Even the great heretic Marcion, who is probably the only sect of gnosticism that had any real chance of being considered authentically Christian pre-Irenaeus – utilized a canon of Lukan/Pauline literature, because he knew that the gnostic gospels had no credibility (if they even existed at that time).

    The only reason why the church fathers citations of the Gospels isn’t proof enough for the higher critical crowd is because they would have to accept as historically accurate what is written in the texts, and that would just prove their guilt for not buying into them. It isn’t like we are talking about something that is very complicated here.

    Also, I should note that the “canon” that was “eventually decided” wasn’t decided until the late 4th century at the earliest (in fact, I don’t know if it every really was formally decided, since I’m not sure what council declared it because as far as I know none actually did until the Council of Trent in the late 16th century), since the first list with the 27 we have is from St. Athanasius in the 330’s, and at the time he was in the midst of his battle with the Arians that led to him being elevated to Bishop of Alexandria and defrocked over and over again.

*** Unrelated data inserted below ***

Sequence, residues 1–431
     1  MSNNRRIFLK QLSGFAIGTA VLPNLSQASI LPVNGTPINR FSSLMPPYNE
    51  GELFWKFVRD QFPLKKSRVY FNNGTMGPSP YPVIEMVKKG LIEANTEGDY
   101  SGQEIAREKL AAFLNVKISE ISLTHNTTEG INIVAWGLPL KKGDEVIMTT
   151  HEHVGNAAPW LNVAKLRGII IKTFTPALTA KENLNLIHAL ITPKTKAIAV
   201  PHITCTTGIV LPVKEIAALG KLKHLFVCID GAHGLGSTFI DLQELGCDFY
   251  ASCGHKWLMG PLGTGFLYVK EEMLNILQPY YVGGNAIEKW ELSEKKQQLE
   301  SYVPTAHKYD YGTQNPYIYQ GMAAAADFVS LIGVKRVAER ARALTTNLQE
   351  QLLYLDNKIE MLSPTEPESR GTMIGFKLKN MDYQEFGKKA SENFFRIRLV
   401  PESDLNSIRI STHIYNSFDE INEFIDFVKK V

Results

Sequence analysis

And the strange thing is, even the ARIANS – who were HERETICS – agreed on the canon at the time – showing that just because there was not a published list didn’t mean there wasn’t one the entire time. The Arians didn’t say, “hey, what about this other gospel from way back when?” They knew better – as everyone did – that these weren’t trustable because no one knew from where they had originated. And that is the point – the Early Church knew the origins and we are arrogant to think that they didn’t.